). Among the up-regulated genes were multiple genes involved in biosynthesis pathways that generate secondary metabolites. Trichomes and root hairs were previously known to share a transcriptional network; however the similarity of downstream targets was largely unknown. Comparison of the trichome and root hair expression profiles showed largely overlapping genes, strongly suggesting they share downstream targets. Interestingly, the pathways involved in secondary metabolite synthesis were specific to each cell type. Metabolite profiles in glandular trichomes isolated from four distinct sweet basil lines revealed an array of phenylpropanoids and terpenoid derived compounds that were line-dependent (Xie et al., 2008
). Comparison of the enzyme expression in the phenylpropanoid and terpenoid biosynthesis pathways also demonstrated line-dependent expression profiles. However, the enzyme profile was not always indicative of the metabolite profile. A transcriptional profile in Catharanthus roseus
was generated from the cells of the epidermis using carborundum abrasion in an attempt to identify components of the monoterpenoid indole alkaloid (MIA) biosynthesis pathway, which are key components of several anticancer drugs (Murata et al., 2008
). This profile, termed the epidermome, identified several novel MIA pathway genes in the epidermis that were not present in the public Catharanthus
EST database, in addition to genes involved in triterpene and flavonoid biosynthesis. The leaf epidermome demonstrates that a single layer of epidermal tissue produces multiple types of metabolites. However, it does not distinguish which cell type is responsible for production of these metabolites.
Based upon function, Solanum
glandular trichomes are classified as either secreting (type I and IV) or storage (type VI). Recent experiments profiling glandular trichomes isolated from Solanum habrochaites
leaves demonstrated that all three trichome types contain multiple methylated forms of myricetin, with the tetramethylated form predominating (Schmidt et al., 2011
). Myricetin flavonoid is highly methylated and has been reported in a variety of plants but the O
-methyltransferases (OMTs) responsible for their biosynthesis were unknown until recently. Using transcriptional profiling, Schmidt and colleagues (2011)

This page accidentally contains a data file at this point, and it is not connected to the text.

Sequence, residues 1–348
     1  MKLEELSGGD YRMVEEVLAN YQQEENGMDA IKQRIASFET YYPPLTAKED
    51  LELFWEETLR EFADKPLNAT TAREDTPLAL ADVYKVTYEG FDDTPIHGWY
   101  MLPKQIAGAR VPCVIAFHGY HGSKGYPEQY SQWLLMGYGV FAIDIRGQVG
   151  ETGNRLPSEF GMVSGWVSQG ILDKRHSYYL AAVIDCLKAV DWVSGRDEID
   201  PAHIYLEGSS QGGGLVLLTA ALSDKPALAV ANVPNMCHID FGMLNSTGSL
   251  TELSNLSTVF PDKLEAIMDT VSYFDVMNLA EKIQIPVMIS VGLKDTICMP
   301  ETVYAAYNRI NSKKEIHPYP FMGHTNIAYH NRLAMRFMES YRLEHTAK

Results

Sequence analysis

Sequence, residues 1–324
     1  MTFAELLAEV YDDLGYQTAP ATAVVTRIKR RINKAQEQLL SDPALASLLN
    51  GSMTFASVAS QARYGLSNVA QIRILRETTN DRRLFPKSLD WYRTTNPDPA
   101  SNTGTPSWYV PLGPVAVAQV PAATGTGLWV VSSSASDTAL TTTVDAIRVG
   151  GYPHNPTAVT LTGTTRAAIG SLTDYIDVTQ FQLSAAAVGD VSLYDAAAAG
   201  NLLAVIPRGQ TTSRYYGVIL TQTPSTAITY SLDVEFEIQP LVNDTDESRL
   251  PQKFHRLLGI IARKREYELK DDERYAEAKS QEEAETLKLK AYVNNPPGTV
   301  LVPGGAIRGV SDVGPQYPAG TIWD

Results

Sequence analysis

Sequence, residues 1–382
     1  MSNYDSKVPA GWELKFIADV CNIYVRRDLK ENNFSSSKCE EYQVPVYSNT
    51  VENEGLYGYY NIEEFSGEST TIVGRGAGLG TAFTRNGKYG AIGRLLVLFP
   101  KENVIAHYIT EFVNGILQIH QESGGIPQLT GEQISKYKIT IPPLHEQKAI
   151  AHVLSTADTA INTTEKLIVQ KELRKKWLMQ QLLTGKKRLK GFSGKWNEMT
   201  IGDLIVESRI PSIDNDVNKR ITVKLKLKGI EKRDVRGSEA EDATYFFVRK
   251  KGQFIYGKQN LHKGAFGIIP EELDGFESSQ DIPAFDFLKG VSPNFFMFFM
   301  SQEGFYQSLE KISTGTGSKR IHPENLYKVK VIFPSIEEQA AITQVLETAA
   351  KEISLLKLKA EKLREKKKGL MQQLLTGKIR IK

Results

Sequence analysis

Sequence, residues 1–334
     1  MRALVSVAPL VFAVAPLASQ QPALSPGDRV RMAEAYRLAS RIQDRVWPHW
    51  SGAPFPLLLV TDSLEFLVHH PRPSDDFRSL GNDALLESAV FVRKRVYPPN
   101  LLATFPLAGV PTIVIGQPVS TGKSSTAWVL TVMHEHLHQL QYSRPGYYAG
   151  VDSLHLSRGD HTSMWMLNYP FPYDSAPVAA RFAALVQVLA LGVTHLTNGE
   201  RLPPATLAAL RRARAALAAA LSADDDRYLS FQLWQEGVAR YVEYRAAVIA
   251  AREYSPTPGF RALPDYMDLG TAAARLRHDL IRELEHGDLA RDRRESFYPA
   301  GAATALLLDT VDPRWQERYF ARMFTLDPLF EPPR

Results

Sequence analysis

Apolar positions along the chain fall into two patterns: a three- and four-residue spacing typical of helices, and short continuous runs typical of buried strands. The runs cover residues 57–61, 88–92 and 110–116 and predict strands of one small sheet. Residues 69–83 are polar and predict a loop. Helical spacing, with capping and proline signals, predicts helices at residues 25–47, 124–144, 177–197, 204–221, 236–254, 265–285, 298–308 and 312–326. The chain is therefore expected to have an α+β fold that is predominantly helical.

identified two genes enriched in the trichomes that encode enzymes capable of methylating myricetin, with the highest level being found in the type I and IV trichomes. Experiments are underway to confirm that these genes function as OMTs. Comparison of transcriptional and metabolite profiles generated from glandular secretory trichomes (type I, IV, VI and VII) in the leaves of five species of Solanum
, found that type I and type IV glandular trichomes are very similar at the transcript level (McDowell et al., 2011
). The authors also noted that the metabolite levels, but not the metabolite profiles, were different between type I and IV and type VI, and that type VII has limited metabolite synthesis and storage compared to other types. They also noted groups of compounds that were specific to certain trichome types and that were not evenly distributed across the various species. In agreement with previous observations (Harada et al., 2010
), several trichome types expressed carbon fixation genes, suggesting trichomes may serve as a site of carbon fixation to be used in secondary metabolism.
The sesquiterpene class of terpenoids are synthesized via modification of a prenyl diphosphate intermediate by terpene synthases (TPSs). A combination of transcriptome and metabolome data has been successful in identifying a sesquiterpene synthase that results in production of β
-caryophyllene and α-humulene specifically in the type VI glands of the leaf but not in the stem of tomato (Schilmiller et al., 2010
). In a separate study, a comparison of transcriptional profiles generated from Solanum lycopersicum
and Solanum habrochaites
stem trichomes was performed to identify TPSs, specifically those TPSs involved in production of sesquiterpenes (Bleeker et al., 2011
). The authors found 7 synthases expressed in Solanum lycopersicum
and 6 in Solanum habrochaites
, one of which was induced by jasmonic acid, suggesting its involvement in herbivore-stress response. The majority of the TPSs that were enriched were sesquiterpene synthases and many of these had been demonstrated to produce multiple sesquiterpenes. TPSs for many of the predominant sesquiterpenes were not identified from these data, further supporting the idea that a single TPS is likely responsible for producing more than one sesquiterpene.